“The City by the Bay,” “Golden Gate City” or simply “San Fran” are just a few of the nicknames given to San Francisco. Thanks to a cancelled flight a few years ago we had the chance to explore the city for a couple of hours and instantly fell in love with landmarks such as the Golden Gate Bridge, Fisherman’s Wharf, Alcatraz and the historic cable cars. It’s in this most European of American cities that 40 years ago the Rainbow flag was introduced at the San Francisco Gay Freedom Day Parade celebration on June 25, 1978.
The Rainbow flag – commonly known as the gay pride flag or LGBT pride flag – was devised by Gilbert Baker (1951-2017) who arrived in San Francisco in 1972 during the early years of the gay liberation movement. With sewing skills learned from crafting his own drag costumes, he was often asked to make political banners for street demonstrations. In the months leading up to the 1978 Gay Freedom Day celebration in San Francisco, City Supervisor and gay rights leader Harvey Milk and other local activists implored Baker to create a new symbol for the movement. Baker seized on the idea of a flag as an appropriate symbol to proclaim power for his “tribe,” and a rainbow to represent his community’s diversity.
The flag was originally created with eight colors but for production purposes the pink and turquoise stripes were removed and since 1979 it has consisted of six colored stripes. It is most commonly flown with the red stripe on top, as the colors appear in a natural rainbow. The colors were determined to symbolize: life (red), healing (orange), sunlight (yellow), nature (green), harmony/peace (blue), and spirit (purple/violet). The removed colors pink and turquoise stood for sexuality and art/magic. During the late 1980s and early 1990s, a black stripe was sometimes used to represent the AIDS victims.
In 1994, for the 25th anniversary of the Stonewall Riots, Baker was commissioned to create the world’s largest rainbow flag. The flag utilized the basic six colors and measured thirty feet wide by a mile long. On June 26, 1994 the flag was carried by 5,000 people on First Avenue in New York City.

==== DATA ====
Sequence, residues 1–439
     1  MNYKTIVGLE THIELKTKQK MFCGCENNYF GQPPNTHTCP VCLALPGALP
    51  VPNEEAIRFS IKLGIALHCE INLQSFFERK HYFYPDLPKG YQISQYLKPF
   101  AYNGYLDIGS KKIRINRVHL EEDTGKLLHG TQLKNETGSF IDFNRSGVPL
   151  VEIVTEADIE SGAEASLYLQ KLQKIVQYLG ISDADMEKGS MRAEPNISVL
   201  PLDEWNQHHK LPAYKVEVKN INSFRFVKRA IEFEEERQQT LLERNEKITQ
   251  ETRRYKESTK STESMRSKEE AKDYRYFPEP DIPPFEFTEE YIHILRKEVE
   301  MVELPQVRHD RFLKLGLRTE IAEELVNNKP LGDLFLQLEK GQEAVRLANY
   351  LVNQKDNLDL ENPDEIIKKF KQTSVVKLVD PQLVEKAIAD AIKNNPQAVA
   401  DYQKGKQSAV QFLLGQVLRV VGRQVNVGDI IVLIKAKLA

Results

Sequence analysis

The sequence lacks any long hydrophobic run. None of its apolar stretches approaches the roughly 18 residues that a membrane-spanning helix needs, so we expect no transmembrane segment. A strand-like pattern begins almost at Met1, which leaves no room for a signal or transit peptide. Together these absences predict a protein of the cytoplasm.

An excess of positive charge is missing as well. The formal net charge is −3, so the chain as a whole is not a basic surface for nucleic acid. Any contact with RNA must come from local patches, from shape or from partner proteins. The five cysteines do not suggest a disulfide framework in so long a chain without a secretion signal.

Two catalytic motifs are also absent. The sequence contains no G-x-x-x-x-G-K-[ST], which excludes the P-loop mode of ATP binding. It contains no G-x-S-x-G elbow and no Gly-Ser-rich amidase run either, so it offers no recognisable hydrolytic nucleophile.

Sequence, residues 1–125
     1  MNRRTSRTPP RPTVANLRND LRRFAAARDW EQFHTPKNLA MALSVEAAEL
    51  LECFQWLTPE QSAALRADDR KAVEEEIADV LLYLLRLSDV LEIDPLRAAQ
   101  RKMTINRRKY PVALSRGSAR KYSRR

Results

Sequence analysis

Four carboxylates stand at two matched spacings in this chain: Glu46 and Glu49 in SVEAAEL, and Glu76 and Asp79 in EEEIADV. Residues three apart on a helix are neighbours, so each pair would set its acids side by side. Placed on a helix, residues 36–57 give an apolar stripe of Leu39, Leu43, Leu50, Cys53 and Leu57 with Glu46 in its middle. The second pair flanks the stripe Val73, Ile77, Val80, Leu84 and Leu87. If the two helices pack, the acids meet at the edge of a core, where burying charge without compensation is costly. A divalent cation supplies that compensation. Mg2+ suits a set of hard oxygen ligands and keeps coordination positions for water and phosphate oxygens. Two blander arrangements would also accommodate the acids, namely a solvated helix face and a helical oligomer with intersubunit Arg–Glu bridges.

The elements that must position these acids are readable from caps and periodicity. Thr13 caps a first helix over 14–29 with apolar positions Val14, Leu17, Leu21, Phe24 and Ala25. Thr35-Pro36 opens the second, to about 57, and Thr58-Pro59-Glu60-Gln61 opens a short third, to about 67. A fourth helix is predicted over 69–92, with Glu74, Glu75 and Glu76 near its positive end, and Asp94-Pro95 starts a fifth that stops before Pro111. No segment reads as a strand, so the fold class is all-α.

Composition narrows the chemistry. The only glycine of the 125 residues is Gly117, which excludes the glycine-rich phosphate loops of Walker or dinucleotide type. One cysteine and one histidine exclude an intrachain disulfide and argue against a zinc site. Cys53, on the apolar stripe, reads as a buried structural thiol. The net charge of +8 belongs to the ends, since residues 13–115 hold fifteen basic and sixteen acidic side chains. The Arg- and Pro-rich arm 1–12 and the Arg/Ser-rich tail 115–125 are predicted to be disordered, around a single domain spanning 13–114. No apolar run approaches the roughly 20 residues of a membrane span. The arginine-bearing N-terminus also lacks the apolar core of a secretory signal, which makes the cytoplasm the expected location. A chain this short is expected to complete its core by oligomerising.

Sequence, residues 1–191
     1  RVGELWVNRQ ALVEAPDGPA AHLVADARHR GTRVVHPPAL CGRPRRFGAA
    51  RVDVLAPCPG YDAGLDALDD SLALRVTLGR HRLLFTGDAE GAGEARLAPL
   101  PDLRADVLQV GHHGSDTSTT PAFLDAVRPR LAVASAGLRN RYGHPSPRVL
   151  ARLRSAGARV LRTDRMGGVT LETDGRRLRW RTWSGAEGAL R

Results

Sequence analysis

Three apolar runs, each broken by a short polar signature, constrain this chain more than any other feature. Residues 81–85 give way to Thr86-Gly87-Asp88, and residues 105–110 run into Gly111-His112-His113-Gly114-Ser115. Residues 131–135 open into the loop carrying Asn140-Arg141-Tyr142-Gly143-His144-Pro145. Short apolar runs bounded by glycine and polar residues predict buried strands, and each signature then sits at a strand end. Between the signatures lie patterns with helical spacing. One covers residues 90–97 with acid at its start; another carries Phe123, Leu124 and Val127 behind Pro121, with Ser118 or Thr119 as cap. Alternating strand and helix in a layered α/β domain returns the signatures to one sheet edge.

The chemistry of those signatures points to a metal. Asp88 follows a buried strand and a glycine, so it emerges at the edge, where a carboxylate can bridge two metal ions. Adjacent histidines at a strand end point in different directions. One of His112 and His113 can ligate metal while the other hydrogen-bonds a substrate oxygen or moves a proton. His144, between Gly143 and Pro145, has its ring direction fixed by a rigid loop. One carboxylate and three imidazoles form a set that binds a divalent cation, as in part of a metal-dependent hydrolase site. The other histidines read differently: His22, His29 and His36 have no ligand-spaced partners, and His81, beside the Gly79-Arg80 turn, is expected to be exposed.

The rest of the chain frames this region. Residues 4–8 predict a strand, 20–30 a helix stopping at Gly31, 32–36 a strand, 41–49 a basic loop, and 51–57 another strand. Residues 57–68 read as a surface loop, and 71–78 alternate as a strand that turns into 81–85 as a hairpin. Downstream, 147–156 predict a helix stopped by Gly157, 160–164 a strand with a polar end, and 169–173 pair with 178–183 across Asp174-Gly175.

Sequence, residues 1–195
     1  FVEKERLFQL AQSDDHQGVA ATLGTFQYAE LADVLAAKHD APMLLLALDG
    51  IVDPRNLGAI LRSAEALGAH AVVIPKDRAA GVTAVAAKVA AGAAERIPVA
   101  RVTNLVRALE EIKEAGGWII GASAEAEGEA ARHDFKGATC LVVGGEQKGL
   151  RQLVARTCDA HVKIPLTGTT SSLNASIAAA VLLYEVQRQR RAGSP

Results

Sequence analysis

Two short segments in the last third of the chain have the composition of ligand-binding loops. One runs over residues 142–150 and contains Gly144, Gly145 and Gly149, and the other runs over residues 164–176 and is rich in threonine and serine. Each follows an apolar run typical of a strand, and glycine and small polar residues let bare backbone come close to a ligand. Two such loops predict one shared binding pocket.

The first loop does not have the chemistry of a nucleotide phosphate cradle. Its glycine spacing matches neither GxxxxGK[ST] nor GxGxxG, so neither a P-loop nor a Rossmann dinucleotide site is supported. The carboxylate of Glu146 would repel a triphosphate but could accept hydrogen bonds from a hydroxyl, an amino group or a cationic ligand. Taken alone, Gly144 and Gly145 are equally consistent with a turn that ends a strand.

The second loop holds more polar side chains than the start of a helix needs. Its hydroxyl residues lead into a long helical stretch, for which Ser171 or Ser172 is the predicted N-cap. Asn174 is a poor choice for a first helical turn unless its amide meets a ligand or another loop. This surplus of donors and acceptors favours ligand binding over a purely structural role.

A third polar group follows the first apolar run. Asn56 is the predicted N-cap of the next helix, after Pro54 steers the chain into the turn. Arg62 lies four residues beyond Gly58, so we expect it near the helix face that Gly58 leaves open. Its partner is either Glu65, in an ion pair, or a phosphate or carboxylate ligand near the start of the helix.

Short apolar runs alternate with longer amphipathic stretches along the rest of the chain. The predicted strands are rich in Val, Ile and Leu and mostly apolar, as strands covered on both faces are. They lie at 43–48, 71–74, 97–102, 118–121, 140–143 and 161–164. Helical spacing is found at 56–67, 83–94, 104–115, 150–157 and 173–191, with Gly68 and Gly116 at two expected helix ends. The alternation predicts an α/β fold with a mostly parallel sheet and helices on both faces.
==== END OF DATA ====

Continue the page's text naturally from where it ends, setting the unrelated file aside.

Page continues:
In 2003 Baker restored the Rainbow flag to its original design – using eight colors – for the 25th anniversary of the flag. Dubbed “Rainbow 25 Sea to Sea” the flag measured a mile-and-a-quarter (2 km) long and was displayed across Key West (Florida) from the Atlantic Ocean to the Gulf Coast Sea.
Shortly after the United States Supreme Court ruling on June 26, 2015 – that guaranteed same-sex couples the right to marry – civic buildings across the country and around the world were illuminated in the colors of the rainbow and rainbow flags were displayed from apartment balconies, attached to car windows and appeared in the background of tens of millions of profile photos on social media accounts as a universally recognized symbol of pride and solidarity.
Since 1978 Baker has worked tirelessly to ensure the rainbow flag would become a powerful and enduring symbol of pride and inclusion that transcends languages, borders, gender, race and, four decades after its creation, generations.
One of Baker’s final creations – the flag he made for the ABC television miniseries When We Rise – is now on exhibit at San Francisco International Airport. Cleve Jones, on whose memoirs When We Rise is based, recalls that when the rainbow flag was first unfurled in 1978, Gilbert “knew at that moment that it was his life’s work,” and refers to Baker’s creation as “his gift to the world.”
A Legacy of Pride: Gilbert Baker and the 40th Anniversary of the Rainbow Flag is located pre-security in the International Terminal Main Hall Departures Lobby, San Francisco International Airport. The exhibition is on view (free of charge) to all Airport visitors from now to January 06, 2019.